Your 69-year-old patient has just had an ischemic stroke. Fortunately, he should make a good recovery. And yet, you feel unsettled. A standard post-stroke work up – 12-lead ECG, ambulatory 24-hour Holter ECG monitoring, brain and neurovascular imaging, and echocardiography – failed to reveal a cause for his stroke, putting it in the “cryptogenic” stroke category. You worry though, that he might have intermittent episodes of atrial fibrillation you simply have been unable to detect….
Patients who have had a stroke or transient ischemic attack (TIA) caused by atrial fibrillation are at significant risk for recurrent stroke, yet atrial fibrillation is often asymptomatic and intermittent (paroxysmal), and may escape detection with short periods of ECG monitoring. Distinguishing strokes caused by atrial fibrillation from those without identifiable cause has important therapeutic implications. While anti-platelet therapy is the recommended treatment for cryptogenic stroke, it is much less effective than anticoagulation in preventing recurrent stroke when the cause is atrial fibrillation. Multiple observational studies have suggested that prolonged ECG monitoring is superior to conventional 24-hour ECG monitoring in identifying atrial fibrillation in patients with stroke. Data from randomized clinical trials have been lacking however, and new practice guidelines have not been adopted.
This week’s NEJM includes the results of two studies designed to address this void. Gladstone et al. conducted a multicenter trial (EMBRACE) that randomized 572 patients to undergo ambulatory monitoring with either a 30-day event-triggered external loop recorder or one additional round of 24-hour Holter monitoring. Eligible patients were 55 years or older, had no history of atrial fibrillation, and had been given a diagnosis of cryptogenic stroke or TIA after standard work up was negative. The primary outcome was detection of one or more episodes of ECG-documented atrial fibrillation or flutter lasting 30 seconds or longer within 90 days after randomization. A multicenter randomized controlled trial performed by Sanna et al. (CRYSTAL AF) compared prolonged monitoring with an implantable loop recorder to conventional ECG monitoring in 441 patients 40 years or older with recent cryptogenic stroke or TIA.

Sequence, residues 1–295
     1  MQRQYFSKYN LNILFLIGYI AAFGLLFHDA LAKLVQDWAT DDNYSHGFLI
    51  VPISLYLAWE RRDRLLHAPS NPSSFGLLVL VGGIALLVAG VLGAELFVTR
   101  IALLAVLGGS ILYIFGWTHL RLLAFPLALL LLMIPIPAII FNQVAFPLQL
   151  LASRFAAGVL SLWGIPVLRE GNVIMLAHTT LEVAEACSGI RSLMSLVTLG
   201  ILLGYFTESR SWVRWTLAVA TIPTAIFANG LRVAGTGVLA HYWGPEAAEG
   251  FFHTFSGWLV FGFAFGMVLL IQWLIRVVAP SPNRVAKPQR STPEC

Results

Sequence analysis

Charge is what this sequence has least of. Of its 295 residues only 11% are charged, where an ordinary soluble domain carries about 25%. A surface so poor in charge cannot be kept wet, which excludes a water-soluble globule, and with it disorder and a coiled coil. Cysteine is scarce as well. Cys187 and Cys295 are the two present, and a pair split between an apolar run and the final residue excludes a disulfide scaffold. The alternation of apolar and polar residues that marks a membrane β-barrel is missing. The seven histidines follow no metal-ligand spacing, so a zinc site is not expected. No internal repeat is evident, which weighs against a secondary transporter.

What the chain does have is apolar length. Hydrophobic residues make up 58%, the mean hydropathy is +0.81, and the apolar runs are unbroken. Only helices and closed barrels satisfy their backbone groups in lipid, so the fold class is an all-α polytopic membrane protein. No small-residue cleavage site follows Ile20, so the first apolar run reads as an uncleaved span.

Both studies showed that long-term monitoring in the intervention group resulted in a higher rate of detection of atrial fibrillation. In EMBRACE, atrial fibrillation was detected in about 1 out of 6 patients in the intervention group, as compared to about 1 out of 30 in the control group; the difference was significant at the P<0.001 level. In CRYSTAL AF, the rate of detection of atrial fibrillation was about 1 out of 11 among patients in the intervention group, as compared to less than 1 in 50 among patients in the control group; this difference was also significant (P<0.001).
In an accompanying editorial, Dr. Hooman Kamel (Weill Cornell Medical College) calls the study findings an “important advance,” and concludes that “prolonged monitoring of heart rhythm should now become part of the standard care of patients with cryptogenic stroke.” He notes however that prior studies establishing the benefit of antithrombotic therapy for paroxysmal atrial fibrillation included patients whose arrhythmia was detected with conventional monitoring; additional research is needed, he cautions, to assure that brief episodes of paroxysmal atrial fibrillation detected with prolonged monitoring present a similar stroke risk and merit similar treatment.
NEJM Executive Editor Dr. Gregory Curfman adds, “These studies support the application of prolonged ECG monitoring for the detection of paroxysmal atrial fibrillation in patients with stroke. This approach may allow more targeted use of anticoagulation for stroke prevention.”